Alex Oxlade-Chamberlain has taken up a long-awaited midfield role at Liverpool, and he has revealed the challenges in adapting to the duties.
Before his £35 million move from Arsenal, Oxlade-Chamberlain revealed how he had “always wanted to be Steven Gerrard,” aspiring to take up a regular berth in central midfield.
Initially the 24-year-old operated as a winger under Jurgen Klopp, but is now more often than not stationed in the middle of the park.
With Arsenal floundering outside of the top-four battle at this crucial stage of the season, few could question why Oxlade-Chamberlain sought to leave based on ambition.
But speaking to LiverpoolFC.com this week, he expressed his happiness at taking up the role, and how he is learning to adapt.
“I am really liking it. It’s somewhere that I wanted to keep developing my game,” he said.
“I am always learning and trying to find ways of doing things differently.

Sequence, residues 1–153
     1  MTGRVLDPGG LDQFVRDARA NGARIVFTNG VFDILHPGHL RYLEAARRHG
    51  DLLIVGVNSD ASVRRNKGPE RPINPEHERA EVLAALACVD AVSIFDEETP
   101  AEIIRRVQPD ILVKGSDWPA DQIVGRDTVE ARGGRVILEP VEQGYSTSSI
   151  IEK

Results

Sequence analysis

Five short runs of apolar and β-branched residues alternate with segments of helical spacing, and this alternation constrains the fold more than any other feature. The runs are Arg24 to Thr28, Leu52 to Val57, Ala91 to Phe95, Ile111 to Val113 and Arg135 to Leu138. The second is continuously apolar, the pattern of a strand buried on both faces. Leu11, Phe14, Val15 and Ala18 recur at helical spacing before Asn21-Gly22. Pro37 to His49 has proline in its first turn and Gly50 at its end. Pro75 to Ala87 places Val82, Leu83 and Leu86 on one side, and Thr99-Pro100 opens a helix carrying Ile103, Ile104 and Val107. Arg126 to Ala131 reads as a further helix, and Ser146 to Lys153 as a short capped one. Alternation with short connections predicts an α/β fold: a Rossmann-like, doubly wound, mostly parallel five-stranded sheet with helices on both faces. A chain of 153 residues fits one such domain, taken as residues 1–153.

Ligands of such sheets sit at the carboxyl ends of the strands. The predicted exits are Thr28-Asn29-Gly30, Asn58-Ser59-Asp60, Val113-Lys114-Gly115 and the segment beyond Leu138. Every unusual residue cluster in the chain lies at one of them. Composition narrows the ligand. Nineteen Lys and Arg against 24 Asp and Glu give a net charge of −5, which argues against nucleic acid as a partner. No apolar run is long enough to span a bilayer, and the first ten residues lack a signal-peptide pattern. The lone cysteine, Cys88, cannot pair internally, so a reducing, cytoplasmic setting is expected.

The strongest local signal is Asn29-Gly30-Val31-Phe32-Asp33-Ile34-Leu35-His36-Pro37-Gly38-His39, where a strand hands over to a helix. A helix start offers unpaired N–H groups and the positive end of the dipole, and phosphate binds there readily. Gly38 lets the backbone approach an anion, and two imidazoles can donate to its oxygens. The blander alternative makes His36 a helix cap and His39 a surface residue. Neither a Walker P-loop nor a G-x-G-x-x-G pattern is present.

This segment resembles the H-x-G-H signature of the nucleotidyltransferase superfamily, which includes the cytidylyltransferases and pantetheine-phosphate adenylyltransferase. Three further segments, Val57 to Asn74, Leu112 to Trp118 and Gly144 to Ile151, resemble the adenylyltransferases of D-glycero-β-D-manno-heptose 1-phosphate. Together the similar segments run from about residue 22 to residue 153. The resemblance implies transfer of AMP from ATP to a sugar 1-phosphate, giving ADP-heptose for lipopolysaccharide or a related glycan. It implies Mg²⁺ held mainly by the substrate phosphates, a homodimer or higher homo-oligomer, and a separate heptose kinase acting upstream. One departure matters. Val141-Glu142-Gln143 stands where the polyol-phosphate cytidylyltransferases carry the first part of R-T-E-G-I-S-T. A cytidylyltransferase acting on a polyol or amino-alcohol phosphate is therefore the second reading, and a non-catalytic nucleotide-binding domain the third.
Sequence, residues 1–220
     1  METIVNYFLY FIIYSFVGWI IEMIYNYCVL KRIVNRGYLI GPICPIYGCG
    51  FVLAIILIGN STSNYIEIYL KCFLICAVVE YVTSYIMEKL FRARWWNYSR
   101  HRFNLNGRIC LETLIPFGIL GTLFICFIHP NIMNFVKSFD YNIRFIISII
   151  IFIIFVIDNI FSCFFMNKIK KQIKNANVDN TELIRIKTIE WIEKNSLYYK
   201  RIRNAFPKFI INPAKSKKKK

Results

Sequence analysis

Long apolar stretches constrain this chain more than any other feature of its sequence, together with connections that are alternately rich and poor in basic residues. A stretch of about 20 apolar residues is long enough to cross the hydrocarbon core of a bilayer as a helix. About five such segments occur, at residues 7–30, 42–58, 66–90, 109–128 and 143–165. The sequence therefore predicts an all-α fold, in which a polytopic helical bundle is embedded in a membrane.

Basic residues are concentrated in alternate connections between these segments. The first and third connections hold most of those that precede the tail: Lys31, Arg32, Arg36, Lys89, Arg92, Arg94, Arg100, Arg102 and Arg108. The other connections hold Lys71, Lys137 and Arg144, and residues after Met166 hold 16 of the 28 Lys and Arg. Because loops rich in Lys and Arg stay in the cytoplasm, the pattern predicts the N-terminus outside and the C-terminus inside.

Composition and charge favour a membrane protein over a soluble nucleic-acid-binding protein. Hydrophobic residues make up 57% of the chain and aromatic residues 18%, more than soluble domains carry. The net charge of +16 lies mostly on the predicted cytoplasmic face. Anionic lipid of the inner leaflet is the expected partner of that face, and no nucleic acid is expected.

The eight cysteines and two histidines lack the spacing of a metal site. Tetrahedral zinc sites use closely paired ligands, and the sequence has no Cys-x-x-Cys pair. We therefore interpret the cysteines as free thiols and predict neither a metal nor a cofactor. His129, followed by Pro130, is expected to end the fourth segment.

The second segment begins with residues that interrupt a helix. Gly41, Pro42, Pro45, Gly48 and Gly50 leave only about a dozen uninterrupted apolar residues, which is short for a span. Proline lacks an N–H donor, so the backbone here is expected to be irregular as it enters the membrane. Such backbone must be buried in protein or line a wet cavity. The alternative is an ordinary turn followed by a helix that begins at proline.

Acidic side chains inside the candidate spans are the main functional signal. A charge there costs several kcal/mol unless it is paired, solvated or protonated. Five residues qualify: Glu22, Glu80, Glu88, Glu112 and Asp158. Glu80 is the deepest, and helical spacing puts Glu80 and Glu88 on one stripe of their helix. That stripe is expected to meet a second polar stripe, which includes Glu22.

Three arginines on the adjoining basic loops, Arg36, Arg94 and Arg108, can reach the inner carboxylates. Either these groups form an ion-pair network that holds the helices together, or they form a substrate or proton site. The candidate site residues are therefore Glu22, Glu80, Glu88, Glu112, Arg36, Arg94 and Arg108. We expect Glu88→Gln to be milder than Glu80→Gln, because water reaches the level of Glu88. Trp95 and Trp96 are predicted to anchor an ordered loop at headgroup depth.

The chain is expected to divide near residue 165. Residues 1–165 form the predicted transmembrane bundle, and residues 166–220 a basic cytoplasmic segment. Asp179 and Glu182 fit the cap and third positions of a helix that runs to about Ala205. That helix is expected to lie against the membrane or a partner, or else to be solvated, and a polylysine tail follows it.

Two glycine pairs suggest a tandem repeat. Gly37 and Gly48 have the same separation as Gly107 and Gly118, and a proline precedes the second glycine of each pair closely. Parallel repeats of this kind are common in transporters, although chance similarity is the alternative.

“Sometimes there’ll be teams that close off the midfield a little bit more, so you’ve got to find other ways of finding space in there.
“I am more on the right side, so I work with Mo and we change positions—so sometimes I end up out wide and he’s more inside.
“I am always learning on how to develop my game in that position, both attacking-wise and defensively as well.
“We’ve got great players who can play in midfield here who all bring different attributes, so I learn from everyone.”
It can be argued that there are still question marks over Oxlade-Chamberlain’s end product, having scored four and assisted five in 32 games for the Reds so far.
Only Salah (2.7) averages more successful dribbles than Oxlade-Chamberlain (2.2), who is again equal to Mane.
He also averages significantly more tackles (1.7) than Georginio Wijnaldum (one), who is arguably his closest competition for a place in Klopp’s midfield.
And he has averaged more interceptions (1.4) than any player outside of Liverpool’s defensive ranks, highlighting his ability to influence the game both on and off the ball.
For the England international, this is crucial, as he went on to explain how he aims to “affect the game as much—and as often—as possible from [midfield].”